In a 5-3 decision, the Justices declare Texas’s health care regulations on abortion to be unconstitutional.
State abortion laws around the United States may be due for an overhaul. Late last month, the U.S. Supreme Court struck down a Texas law that restricted women’s access to in-state abortion services. In Whole Woman’s Health v. Hellerstedt, the Supreme Court considered and ultimately rejected two provisions of a Texas law because the Court found that it violated women’s constitutional right to obtain an abortion.
The Texas law, known as House Bill 2 (H.B. 2), contained two provisions that were at issue in the case: an “admitting privileges requirement” and a “surgical center requirement.” In the Supreme Court’s 5-3 decision, the majority reasoned that both provisions were unconstitutional because they provided “few, if any health benefits for women” and placed a “substantial obstacle” in the path of women seeking abortions.
Whole Woman’s Health, which operated five clinics in Texas before the state law became effective in 2013, argued that both the “admitting privileges requirement” and “surgical center requirement” served to impede access rather than improve patient health. Whole Woman’s Health claimed that, although it was personally forced to close two of its clinics because of the law, its experiences actually reflected a dangerous trend in Texas, where 75 percent of all abortion facilities within the state were at risk of closing due to H.B. 2.
Before H.B. 2, Texas required doctors at abortion clinics to either have admitting privileges at a local hospital, or a “working arrangement” with a physician who did. H.B. 2 altered this requirement, mandating doctors at abortion clinics to personally have admitting privileges at a hospital within a 30-mile radius of the clinic. As noted by the Society of Hospital Medicine in a brief supporting Whole Woman’s Health, admitting privileges, which allow doctors to admit patients into a hospital for treatment, are often conditioned on doctors “reaching a certain number of admissions per year.” In the case of most abortion procedures, which are typically low-risk and do not lead to hospitalization, the chance that a clinic doctor sends enough patients to a nearby hospital to gain admitting privileges is slim.
Whole Woman’s Health further challenged the “surgical center requirement”—which compelled abortion clinics to meet the same minimum standards as surgical centers—asserting that sterile scrub facilities, extra-wide hallways designed for stretchers, and other requirements were inappropriate for many abortion clinics.
In response, the State of Texas argued that its admitting privileges and surgical center requirements were needed to improve the standard of care for abortion patients, and that they produced valid medical benefits for women and were designed to prevent incidents like that involving the Kermit Gosnell-operated clinic in Philadelphia. In a case that garnered widespread media attention, Gosnell, a onetime physician, was found guilty in May 2013 of several counts of murder for performing unsafe abortions in a dilapidated clinic that prosecutors reportedly called a “house of horrors.”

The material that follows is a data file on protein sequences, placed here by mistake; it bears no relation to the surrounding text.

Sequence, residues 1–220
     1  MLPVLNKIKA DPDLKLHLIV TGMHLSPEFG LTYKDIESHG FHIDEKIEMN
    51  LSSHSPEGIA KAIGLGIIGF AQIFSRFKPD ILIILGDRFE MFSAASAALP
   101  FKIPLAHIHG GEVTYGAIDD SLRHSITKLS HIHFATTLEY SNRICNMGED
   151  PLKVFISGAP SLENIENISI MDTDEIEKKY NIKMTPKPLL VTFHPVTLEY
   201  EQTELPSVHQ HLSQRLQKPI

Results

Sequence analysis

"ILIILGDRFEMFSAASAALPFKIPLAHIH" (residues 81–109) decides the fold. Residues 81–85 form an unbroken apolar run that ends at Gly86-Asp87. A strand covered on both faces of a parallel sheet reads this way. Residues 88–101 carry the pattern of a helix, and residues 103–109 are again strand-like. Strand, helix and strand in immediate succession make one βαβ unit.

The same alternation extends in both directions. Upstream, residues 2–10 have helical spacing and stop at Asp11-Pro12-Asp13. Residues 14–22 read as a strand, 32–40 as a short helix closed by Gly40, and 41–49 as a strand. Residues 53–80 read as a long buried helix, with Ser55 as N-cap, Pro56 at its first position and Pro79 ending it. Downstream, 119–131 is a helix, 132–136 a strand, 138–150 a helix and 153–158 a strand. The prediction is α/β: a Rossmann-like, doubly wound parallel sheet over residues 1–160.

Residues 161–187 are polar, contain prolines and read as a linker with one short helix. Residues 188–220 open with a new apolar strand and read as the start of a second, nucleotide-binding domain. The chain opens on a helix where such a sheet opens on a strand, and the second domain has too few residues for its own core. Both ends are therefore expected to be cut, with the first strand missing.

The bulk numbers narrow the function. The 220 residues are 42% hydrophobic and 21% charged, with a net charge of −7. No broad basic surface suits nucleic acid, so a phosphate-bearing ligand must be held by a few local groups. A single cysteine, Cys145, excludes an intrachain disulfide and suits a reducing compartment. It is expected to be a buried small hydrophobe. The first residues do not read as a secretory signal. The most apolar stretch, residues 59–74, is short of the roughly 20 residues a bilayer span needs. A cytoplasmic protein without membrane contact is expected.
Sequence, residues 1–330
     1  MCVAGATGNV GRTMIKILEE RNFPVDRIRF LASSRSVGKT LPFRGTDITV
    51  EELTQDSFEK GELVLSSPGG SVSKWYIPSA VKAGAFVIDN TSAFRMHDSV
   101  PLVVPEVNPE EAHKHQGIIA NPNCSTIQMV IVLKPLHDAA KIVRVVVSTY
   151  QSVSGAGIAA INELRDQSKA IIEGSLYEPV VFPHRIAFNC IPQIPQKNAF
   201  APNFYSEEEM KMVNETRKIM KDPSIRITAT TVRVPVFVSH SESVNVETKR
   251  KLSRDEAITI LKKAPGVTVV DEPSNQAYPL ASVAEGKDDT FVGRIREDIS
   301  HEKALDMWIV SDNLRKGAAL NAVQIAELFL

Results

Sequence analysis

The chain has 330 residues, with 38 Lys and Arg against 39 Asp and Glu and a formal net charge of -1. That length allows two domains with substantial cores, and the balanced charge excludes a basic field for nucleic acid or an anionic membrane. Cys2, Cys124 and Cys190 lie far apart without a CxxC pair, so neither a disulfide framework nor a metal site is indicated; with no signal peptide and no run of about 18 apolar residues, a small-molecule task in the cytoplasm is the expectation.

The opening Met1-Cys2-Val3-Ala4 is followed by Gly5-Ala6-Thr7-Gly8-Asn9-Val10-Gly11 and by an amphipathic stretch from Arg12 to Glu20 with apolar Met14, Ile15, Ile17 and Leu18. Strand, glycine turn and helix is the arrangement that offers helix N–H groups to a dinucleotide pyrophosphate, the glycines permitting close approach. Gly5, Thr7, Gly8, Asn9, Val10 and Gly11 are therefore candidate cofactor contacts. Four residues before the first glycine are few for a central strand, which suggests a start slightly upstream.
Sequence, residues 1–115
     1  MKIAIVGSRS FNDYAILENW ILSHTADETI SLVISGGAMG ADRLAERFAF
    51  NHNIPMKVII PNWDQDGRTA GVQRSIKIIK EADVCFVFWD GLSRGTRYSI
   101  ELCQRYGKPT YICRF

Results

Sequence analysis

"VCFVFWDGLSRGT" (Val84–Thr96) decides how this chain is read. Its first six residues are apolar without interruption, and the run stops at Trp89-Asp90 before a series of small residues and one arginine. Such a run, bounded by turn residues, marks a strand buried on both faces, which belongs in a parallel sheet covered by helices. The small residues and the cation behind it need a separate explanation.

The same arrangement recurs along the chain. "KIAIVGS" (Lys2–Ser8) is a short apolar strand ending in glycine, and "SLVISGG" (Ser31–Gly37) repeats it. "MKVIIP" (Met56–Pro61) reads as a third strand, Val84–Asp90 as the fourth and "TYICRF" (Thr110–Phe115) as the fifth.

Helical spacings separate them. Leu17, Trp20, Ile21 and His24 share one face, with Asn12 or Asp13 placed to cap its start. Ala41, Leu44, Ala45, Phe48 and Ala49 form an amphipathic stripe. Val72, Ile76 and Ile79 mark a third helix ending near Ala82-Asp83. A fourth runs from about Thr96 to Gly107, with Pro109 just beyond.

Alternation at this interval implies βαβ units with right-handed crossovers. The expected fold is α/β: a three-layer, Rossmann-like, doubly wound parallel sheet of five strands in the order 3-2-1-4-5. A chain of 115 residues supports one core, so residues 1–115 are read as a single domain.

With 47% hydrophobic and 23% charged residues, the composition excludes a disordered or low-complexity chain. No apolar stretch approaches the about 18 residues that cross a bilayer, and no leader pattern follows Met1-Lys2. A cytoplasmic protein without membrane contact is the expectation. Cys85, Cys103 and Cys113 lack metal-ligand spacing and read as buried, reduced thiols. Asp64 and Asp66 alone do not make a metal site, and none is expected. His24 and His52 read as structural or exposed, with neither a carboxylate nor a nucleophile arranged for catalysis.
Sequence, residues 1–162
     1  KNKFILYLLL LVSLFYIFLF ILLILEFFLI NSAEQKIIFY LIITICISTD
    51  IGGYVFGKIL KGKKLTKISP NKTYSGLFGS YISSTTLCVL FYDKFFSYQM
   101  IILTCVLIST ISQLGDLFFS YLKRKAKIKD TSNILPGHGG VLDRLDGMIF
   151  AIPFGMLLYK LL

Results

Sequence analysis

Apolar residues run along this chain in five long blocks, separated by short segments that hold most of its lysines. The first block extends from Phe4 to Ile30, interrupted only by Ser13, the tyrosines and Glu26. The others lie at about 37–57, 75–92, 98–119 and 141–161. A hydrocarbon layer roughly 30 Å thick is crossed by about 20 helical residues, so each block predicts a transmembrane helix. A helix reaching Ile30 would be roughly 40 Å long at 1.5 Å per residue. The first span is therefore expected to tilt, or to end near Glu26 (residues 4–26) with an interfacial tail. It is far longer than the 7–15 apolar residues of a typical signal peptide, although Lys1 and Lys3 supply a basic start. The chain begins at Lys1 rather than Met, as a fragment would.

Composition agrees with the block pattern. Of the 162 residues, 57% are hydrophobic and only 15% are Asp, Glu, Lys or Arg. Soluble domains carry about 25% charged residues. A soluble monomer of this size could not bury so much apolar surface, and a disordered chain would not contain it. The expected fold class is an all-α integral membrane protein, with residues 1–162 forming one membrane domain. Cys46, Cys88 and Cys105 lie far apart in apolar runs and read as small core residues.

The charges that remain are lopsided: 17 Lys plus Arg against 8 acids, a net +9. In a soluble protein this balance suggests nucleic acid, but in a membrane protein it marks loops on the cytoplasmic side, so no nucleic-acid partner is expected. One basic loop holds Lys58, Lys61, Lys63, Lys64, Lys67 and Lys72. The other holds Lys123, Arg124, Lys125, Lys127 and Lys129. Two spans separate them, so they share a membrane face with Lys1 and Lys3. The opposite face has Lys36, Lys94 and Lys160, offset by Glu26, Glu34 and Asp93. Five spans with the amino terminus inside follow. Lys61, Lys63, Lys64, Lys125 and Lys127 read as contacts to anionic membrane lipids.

Texas contended that, although some clinics would inevitably close as a result of H.B. 2, over 90 percent of Texan women of reproductive age would still live within a 150-mile radius of the remaining operational clinics.
During oral argument before the Supreme Court, Justice Stephen Breyer challenged this aspect of the state’s argument, asking whether the 150-mile travel distance would result in “more or fewer women who die of complications due to an effort to create an abortion.”
In the end, a majority of the Justices agreed with Whole Woman’s Health and held that both requirements placed an undue burden on the constitutional right of women to seek abortions.
Three Justices dissented, with Chief Justice John Roberts and Justice Clarence Thomas joining a dissent authored by Justice Alito.
Justice Samuel Alito disputed the Court’s holding mainly for procedural reasons, arguing that Whole Woman’s Health had brought the same issue before in a separate case, lost, and chose not to appeal, thus forfeiting any right to a rematch. In particular, Justice Alito criticized the majority for its perceived flouting of procedural rules, stating that “when a case involves a controversial issue, we should be especially careful to be scrupulously neutral in applying such rules.”
Due to the majority’s decision, it is estimated that approximately 5.4 million women of reproductive age in Texas will be better able to seek abortion services. However, the decision will almost certainly have a ripple effect on other states with similar restrictions on abortion clinics. Virtually identical abortion laws in states such as Alabama, Wisconsin, Mississippi, and Louisiana are now essentially voided, with Alabama’s Attorney General reportedly conceding that “there is no good faith argument that Alabama’s law remains constitutional in light of the Supreme Court ruling.”
The Court’s decision in Whole Woman’s Health remains a critical victory for pro-choice advocates. Shortly after the Court handed down its ruling, Amy Hagstrom Miller, the founder of Whole Woman’s Health, remarked that “with this historic ruling, justice has been served and our clinics can stay open.”
This essay is part of The Regulatory Review’s seven-part series, The Supreme Court’s 2015 Regulatory Term.
The image of Supreme Court demonstrators is the property of the Victoria Pickering and is used under a Creative Commons License.